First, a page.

There are good things in the animated musical fantasy “Strange Magic”: the ultra-detailed, photorealistic animation; the name-that-tune pleasures of a mashup-jukebox soundtrack; fine vocal performances from the cast’s actor-singers; and a transcendent sequence featuring the 1975 title song.
And then there’s the rest of the film.
“Strange Magic” borrows the notion of fairies having misadventures with a love potion in the woods from “A Midsummer Night’s Dream” and the growingly popular, “Glee”-ful musical approach of “Happy Feet,” “Pitch Perfect” and “Moulin Rouge!” (on which composer and musical director Marius de Vries also worked). It also borrows the lack of characterization and other discomfiting deficiencies from the more notorious works of George Lucas, who generated the story.
The beautiful fairy Marianne (Evan Rachel Wood) is set to marry handsome but loathsome fairy Roland (Sam Palladio) for no apparent reason. He cheats and she swears off love, becoming a master swordsfairy. Marianne’s lovely sister Dawn (newcomer Meredith Anne Bull) is boy(fairy) crazy. BFF elf Sunny (Elijah Kelley) pines for her — it seems unthinkable for the beautiful fairies to love the simple, shall we say, less-beautiful, worker-class elves (who look more like troll dolls anyway). Meanwhile, the unsightly Bog King (Alan Cumming) wants to eradicate love, which means when Sunny acquires a passion potion to aid Roland’s schemes, there’s a-gonna be a fight. Singing ensues.
The film is aimed squarely at kids, despite the prominence of ’50s and ’60s hits such as “Love Is Strange” and “Tell Him.” There are also heaping helpings of Kelly Clarkson, Black Eyed Peas, and just a soupcon of Lady Gaga.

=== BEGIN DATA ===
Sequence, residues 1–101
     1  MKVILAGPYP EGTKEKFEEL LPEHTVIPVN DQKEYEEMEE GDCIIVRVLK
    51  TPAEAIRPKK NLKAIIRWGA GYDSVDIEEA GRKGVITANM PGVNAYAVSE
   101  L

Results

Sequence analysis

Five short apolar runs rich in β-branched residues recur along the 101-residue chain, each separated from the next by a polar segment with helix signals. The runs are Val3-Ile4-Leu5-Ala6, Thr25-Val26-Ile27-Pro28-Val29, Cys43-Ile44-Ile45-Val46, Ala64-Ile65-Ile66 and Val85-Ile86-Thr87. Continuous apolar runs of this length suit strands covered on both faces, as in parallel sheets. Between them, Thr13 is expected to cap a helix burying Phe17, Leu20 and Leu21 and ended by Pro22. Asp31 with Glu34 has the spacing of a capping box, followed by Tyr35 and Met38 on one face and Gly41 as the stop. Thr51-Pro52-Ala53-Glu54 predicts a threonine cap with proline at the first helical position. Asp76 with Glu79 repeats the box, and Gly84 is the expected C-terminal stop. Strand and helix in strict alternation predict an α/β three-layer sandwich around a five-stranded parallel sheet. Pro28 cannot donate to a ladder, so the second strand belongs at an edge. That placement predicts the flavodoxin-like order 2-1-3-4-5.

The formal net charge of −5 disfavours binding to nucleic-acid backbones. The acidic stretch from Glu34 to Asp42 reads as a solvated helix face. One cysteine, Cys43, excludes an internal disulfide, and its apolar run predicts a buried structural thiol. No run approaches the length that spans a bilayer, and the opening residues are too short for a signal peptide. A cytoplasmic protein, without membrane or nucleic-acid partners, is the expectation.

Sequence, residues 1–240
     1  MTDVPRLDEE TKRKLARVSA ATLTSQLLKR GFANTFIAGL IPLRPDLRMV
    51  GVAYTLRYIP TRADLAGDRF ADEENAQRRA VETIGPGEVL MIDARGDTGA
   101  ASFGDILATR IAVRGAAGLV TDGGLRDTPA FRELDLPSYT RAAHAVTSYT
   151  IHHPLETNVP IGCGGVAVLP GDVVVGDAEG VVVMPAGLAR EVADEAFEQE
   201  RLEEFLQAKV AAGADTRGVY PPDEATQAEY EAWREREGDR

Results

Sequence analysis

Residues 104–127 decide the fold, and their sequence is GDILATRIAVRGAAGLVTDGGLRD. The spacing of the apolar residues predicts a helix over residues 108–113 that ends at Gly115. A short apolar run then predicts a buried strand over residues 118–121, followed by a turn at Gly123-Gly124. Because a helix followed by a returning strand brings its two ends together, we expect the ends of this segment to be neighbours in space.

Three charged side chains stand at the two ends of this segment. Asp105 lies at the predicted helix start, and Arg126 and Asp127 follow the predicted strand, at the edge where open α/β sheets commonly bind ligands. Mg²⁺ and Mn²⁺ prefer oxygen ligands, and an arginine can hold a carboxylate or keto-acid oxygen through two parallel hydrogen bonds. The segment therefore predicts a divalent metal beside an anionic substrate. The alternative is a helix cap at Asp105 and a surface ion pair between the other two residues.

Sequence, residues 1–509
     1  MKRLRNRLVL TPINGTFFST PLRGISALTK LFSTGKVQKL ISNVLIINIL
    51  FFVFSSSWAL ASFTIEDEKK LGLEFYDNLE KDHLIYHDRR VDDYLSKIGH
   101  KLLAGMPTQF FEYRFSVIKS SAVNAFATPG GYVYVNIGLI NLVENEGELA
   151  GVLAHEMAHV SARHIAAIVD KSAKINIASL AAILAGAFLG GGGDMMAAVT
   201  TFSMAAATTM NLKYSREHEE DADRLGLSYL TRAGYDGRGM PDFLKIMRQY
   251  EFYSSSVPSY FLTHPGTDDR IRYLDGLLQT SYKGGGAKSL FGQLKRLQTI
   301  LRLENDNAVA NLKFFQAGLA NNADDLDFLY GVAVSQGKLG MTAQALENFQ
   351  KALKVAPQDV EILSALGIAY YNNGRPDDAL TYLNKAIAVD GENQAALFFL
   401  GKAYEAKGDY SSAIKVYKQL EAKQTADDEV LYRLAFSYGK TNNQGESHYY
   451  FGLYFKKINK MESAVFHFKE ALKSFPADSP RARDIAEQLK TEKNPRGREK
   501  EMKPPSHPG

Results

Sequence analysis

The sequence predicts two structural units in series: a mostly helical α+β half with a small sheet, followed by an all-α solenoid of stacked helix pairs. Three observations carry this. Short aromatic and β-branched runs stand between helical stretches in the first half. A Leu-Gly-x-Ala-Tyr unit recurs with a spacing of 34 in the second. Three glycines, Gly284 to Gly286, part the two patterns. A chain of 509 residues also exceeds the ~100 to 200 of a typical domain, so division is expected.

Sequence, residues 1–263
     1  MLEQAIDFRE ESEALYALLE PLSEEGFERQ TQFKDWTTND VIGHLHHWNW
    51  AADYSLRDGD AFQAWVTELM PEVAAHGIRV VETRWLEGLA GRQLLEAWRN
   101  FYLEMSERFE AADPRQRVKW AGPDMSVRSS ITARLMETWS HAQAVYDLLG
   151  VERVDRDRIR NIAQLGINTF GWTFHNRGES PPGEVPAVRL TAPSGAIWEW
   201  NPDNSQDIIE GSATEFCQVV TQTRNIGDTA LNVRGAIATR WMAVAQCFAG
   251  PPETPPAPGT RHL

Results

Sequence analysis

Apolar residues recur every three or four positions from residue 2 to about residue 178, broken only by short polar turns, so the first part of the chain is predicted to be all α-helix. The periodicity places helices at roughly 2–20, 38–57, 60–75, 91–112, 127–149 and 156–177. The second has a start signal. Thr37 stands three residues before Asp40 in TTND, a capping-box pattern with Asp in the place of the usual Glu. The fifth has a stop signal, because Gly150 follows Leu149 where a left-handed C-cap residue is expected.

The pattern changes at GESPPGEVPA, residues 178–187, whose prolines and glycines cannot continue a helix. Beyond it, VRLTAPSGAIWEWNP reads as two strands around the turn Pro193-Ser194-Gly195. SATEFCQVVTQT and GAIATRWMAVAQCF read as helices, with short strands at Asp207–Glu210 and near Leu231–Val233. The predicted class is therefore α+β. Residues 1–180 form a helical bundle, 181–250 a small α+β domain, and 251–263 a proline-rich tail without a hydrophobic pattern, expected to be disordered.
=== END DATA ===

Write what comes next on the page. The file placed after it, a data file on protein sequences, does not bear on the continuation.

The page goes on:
The music, the film’s lifeblood, has energy and inventive spirit. Cumming proves yet again he is an extraordinarily versatile talent and Wood is a revelation as a singer, given the opportunity to show more range and expression than in “Across the Universe.” Bull is charming and sweet of voice, and stalwarts such as Kristin Chenoweth, Maya Rudolph, and even Peter Stormare chip in admirably.
One wishes the moribund story and dialogue and empty characters enjoyed the same jolt of energy.
Such fare is rarely intended for scrutiny beyond the surface (ironically, considering the film’s message of finding beauty in unexpected places). But, as with the Ghost of Jar Jars Past, that kid-focus means here that characters and relationships are painfully simplistic, drawn with the broadest of strokes. The dialogue is uninspired, despite the talent of the performers delivering it.
The plot movement feels very much like an unpleasant formality, shoved forward by tiresome devices. The fairy king cheerfully humiliates his betrayed daughter in front of the whole community by throwing her together with the cowardly climber who messed around on the eve of their wedding. Kidnapping is excusable when someone ends up in love. Romantic bonding occurs over a fight to the death.
There is a memorable sequence which conveys the film’s central idea. To a gorgeous reworking of Electric Light Orchestra’s hit used as the title song, Bog King takes Marianne on a tour of his initially frightening domain, revealing the beauty within.
It’s an effective moment infused with just the strangeness and magic one wishes were present in the rest of the film.